Lawlah became interested in politics when she realized that she and her husband bought a house in a congressional district that was represented by a Republican.
She began working with elected officials and the local NAACP to further integrate the county schools. Then she got involved with the Prince George's County Women's Democratic Club. It was her entree into the world of politics, allowing her to meet U.S. Rep. Gladys Spellman, Maryland Gov. Marvin Mandel and then-state Sen. Steny H. Hoyer.
"I loved it," she said. "I got a taste of it, and I loved it." In 1982, Lawlah was elected to the county Democratic State Central Committee. Four years later, Lawlah made a successful run for state delegate. And in 1990, Lawlah became the first woman elected to represent Prince George's County in the Senate.
Longtime state Senate President Thomas V. Mike Miller Jr. said Lawlah was an effective senator and leaves an indelible impression on the legislature.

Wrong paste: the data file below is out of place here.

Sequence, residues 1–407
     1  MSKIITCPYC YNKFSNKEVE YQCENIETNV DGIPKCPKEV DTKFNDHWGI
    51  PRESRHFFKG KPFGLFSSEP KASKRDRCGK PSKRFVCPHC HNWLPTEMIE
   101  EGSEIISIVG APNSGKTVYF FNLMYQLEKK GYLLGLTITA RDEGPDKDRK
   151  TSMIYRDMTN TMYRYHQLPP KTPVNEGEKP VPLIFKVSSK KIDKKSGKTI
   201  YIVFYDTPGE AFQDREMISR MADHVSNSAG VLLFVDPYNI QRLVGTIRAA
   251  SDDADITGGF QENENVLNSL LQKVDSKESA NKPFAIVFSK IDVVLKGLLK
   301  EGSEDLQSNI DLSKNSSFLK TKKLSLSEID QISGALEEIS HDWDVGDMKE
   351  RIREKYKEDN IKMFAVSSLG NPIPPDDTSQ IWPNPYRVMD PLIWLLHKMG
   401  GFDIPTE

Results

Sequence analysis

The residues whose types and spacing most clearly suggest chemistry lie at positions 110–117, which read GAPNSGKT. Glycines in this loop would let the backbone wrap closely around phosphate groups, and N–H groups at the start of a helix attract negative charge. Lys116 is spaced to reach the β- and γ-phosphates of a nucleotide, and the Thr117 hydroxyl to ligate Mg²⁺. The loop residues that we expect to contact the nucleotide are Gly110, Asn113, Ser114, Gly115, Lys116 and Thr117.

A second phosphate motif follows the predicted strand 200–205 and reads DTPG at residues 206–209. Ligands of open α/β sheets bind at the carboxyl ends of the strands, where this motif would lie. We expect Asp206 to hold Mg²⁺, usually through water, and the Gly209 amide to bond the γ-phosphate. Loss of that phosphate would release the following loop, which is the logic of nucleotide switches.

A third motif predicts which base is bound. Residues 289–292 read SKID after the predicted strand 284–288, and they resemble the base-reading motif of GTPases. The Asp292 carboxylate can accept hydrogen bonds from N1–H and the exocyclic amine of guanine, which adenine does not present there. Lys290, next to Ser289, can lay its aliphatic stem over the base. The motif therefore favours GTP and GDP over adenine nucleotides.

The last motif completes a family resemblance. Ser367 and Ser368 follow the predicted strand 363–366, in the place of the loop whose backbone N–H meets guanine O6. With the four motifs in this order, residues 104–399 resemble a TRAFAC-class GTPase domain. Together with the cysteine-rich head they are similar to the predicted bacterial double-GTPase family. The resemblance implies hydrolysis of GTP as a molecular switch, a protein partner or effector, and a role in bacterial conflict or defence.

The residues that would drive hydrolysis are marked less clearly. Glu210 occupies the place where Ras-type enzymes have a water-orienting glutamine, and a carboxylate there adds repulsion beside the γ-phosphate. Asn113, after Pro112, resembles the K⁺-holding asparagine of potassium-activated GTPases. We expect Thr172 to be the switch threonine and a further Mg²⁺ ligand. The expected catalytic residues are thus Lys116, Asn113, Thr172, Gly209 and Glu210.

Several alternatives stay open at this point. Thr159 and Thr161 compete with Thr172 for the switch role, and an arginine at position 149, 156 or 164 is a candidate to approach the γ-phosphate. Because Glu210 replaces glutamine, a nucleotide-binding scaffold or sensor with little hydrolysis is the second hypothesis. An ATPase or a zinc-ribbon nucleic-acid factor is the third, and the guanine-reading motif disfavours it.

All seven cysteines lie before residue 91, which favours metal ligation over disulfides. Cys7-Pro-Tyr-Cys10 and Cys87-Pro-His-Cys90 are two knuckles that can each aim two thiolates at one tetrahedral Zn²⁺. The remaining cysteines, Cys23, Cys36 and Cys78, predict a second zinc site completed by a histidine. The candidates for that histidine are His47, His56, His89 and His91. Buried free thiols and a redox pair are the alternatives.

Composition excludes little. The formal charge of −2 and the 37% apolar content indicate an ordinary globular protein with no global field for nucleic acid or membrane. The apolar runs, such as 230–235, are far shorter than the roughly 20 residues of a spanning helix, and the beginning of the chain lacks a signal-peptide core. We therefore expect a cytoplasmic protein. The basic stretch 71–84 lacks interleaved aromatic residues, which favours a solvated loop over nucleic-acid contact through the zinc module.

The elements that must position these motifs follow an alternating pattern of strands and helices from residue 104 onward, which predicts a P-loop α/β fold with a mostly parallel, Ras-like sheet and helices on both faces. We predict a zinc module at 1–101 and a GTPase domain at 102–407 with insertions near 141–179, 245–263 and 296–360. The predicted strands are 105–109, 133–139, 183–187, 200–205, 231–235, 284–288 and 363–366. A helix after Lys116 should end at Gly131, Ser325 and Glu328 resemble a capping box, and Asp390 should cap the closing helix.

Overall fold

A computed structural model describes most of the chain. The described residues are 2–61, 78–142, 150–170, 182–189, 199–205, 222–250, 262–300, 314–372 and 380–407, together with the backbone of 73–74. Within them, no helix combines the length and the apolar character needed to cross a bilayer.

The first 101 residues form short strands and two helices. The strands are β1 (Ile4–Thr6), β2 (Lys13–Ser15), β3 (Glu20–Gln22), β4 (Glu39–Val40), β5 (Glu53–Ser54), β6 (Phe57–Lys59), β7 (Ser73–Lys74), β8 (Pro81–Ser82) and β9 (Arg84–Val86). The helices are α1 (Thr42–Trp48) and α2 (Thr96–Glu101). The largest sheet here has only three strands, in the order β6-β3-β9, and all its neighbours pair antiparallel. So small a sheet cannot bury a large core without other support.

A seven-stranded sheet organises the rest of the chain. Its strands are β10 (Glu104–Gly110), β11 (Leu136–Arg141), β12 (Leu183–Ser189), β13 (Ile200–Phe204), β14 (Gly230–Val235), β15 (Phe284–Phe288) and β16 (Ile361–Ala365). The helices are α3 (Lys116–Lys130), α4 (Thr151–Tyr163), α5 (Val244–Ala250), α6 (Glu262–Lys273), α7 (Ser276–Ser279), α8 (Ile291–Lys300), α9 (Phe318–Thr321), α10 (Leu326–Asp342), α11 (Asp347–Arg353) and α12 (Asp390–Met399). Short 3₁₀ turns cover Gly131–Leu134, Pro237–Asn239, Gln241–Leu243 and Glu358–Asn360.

"I'm going to miss her very much," Miller said. "Sometimes she was for me, and sometimes she was against me. What I loved about her was her independence. When she was for you, you could not have a stronger ally."
That's why, Miller said, Lawlah was one of those lawmakers you "tried to always get on your side."
During her time in the Senate, Lawlah, to the dismay of her Democratic colleagues, built a good relationship with Gov. Robert L. Ehrlich (R). The two had made contact many years before, on Capitol Hill. He was in Congress. She was working as a federal liaison officer for Bowie State University, a position she still holds.